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Wednesday, 4 August 2010

Explaining clustering to non- mathematicians and non-geographers 1

This is really my project for the summer - learning and understanding statistical clustering, classification, and  ranking of multiple variables based on location.

I am going to attempt to explain why I am doing this and how in a non-mathematical way. If you want it explained in numbers and formulae I recommend my hero in these matters Dr Kardi Teknomo who gently guides you through the subject in his brilliant tutorials which can be found here.

I have drawn your attenion to HMIC reports and an Audit Commission Report in recent posts. These compare different aspects of Home Office police forces in England and Wales' performance and expenditure. As these police forces have unique geographic juridiction these comparisons are geographically based. I am using data from the HMIC police force value for money profiles that can be found here. And specifically from the spreadsheet that can be found here. My interest is specifically to do with the Metropolitan Police Service (MPS) with responsiblity for London. I had a quick look through the report. The first page has the following;

My impression of the data presented was that the MPS is nothing like the forces it is grouped with. So I thought I would try group the most similar forces together using data from the spreadsheets and standard clustering techniques and at the sametime learn how to apply the most useful of them to my data from Camden and the rest of London.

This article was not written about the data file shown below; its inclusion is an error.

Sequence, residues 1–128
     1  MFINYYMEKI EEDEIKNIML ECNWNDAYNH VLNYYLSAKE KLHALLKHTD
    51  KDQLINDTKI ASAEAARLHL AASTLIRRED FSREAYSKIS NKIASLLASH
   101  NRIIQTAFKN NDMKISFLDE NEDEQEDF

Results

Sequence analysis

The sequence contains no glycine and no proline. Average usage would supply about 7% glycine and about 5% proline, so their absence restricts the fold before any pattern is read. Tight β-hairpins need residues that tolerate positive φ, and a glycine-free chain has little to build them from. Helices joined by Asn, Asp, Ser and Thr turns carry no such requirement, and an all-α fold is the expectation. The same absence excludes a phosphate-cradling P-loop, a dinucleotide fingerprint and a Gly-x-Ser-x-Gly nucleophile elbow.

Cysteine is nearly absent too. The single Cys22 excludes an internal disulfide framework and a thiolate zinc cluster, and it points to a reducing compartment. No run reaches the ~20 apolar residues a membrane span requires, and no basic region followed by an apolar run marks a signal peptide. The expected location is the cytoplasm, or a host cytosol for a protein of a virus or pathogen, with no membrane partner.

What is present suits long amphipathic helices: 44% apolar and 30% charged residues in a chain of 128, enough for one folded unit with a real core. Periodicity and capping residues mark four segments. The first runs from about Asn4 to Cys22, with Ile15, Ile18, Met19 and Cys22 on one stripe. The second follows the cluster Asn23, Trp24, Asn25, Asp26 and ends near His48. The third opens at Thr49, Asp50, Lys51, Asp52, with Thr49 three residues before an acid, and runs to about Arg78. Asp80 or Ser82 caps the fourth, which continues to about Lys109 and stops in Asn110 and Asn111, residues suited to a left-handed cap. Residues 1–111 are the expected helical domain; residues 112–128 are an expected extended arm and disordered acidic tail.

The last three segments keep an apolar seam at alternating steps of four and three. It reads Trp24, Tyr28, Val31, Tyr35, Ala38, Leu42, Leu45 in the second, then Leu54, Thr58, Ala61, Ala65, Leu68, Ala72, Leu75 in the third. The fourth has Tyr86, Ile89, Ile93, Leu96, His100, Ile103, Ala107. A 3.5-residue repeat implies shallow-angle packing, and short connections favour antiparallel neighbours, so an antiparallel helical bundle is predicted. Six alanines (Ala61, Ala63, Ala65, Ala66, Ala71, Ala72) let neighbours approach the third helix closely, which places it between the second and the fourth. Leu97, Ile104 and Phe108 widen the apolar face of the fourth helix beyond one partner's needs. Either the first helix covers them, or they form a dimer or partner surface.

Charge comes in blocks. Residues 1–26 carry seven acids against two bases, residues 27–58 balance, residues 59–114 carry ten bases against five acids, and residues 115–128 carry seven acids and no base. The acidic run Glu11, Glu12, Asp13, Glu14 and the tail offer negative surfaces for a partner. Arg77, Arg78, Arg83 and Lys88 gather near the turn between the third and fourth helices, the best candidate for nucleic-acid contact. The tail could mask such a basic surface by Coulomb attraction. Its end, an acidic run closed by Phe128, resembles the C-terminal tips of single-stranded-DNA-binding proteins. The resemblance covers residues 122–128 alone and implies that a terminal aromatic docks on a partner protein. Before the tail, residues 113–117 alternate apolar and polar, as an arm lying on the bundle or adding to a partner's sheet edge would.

If you have been following my blog you will know that I do not like comparisions that are standardised using "per head of resident population". It is particularly unfair on London and other places whose actual population is greatly swelled by those working, shopping, being entertained and holidaying there. A compromise is made for the City of London by calculating their figures on a population of 316,500 where in fact the resident population is about 8,000, but for nowhere else. So I disagree with this statement shown on the first page of charts;

I have therefore steered away from using data standardised in this way. What I have used are data that show how expediture is allocated as a percentage of another figure. These proportion figures overcome the problem that the MPS is so much bigger than any other force. The data used are "non-staff costs as % of staff cost"- columns AX to BE  and "Supplies and Services as % of staff costs" - columns BQ to CA on the first sheet of the spreadsheet. And "% of the total Police Officer and PCSO workforce by rank" - columns AD to AN on the second sheet. This amounted 28 variables to be used in the clustering process.

I reason that how a police force chooses to spent the money allocated to it provides an indication of similarity and differences of how the force is managed, structured and its priorities. I am interested in which forces, on this basis, are most similar to the MPS and generally the forces that are most different to the others.

I will explain how this is done with reference to the maps above and others in Part 2.

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